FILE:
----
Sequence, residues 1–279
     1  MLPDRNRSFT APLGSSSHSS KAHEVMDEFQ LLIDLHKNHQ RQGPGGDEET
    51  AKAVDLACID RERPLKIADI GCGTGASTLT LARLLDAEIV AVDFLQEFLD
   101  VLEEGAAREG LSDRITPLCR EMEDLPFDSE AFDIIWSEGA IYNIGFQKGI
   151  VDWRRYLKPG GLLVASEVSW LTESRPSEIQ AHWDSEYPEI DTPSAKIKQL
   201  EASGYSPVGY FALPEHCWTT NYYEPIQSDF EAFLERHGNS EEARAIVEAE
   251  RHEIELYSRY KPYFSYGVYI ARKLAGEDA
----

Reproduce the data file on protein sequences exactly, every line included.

Sequence, residues 1–279
     1  MLPDRNRSFT APLGSSSHSS KAHEVMDEFQ LLIDLHKNHQ RQGPGGDEET
    51  AKAVDLACID RERPLKIADI GCGTGASTLT LARLLDAEIV AVDFLQEFLD
   101  VLEEGAAREG LSDRITPLCR EMEDLPFDSE AFDIIWSEGA IYNIGFQKGI
   151  VDWRRYLKPG GLLVASEVSW LTESRPSEIQ AHWDSEYPEI DTPSAKIKQL
   201  EASGYSPVGY FALPEHCWTT NYYEPIQSDF EAFLERHGNS EEARAIVEAE
   251  RHEIELYSRY KPYFSYGVYI ARKLAGEDA